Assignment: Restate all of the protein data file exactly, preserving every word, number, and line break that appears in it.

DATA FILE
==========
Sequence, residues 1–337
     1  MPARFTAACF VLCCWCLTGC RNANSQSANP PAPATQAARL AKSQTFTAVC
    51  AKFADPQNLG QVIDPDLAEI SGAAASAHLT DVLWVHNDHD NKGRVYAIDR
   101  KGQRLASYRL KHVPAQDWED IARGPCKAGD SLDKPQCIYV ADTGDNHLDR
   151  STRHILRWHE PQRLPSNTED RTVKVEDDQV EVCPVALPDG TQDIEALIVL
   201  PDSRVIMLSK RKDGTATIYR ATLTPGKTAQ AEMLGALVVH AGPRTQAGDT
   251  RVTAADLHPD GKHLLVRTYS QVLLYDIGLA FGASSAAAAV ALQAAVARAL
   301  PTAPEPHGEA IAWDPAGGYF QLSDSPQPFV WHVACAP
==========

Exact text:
Sequence, residues 1–337
     1  MPARFTAACF VLCCWCLTGC RNANSQSANP PAPATQAARL AKSQTFTAVC
    51  AKFADPQNLG QVIDPDLAEI SGAAASAHLT DVLWVHNDHD NKGRVYAIDR
   101  KGQRLASYRL KHVPAQDWED IARGPCKAGD SLDKPQCIYV ADTGDNHLDR
   151  STRHILRWHE PQRLPSNTED RTVKVEDDQV EVCPVALPDG TQDIEALIVL
   201  PDSRVIMLSK RKDGTATIYR ATLTPGKTAQ AEMLGALVVH AGPRTQAGDT
   251  RVTAADLHPD GKHLLVRTYS QVLLYDIGLA FGASSAAAAV ALQAAVARAL
   301  PTAPEPHGEA IAWDPAGGYF QLSDSPQPFV WHVACAP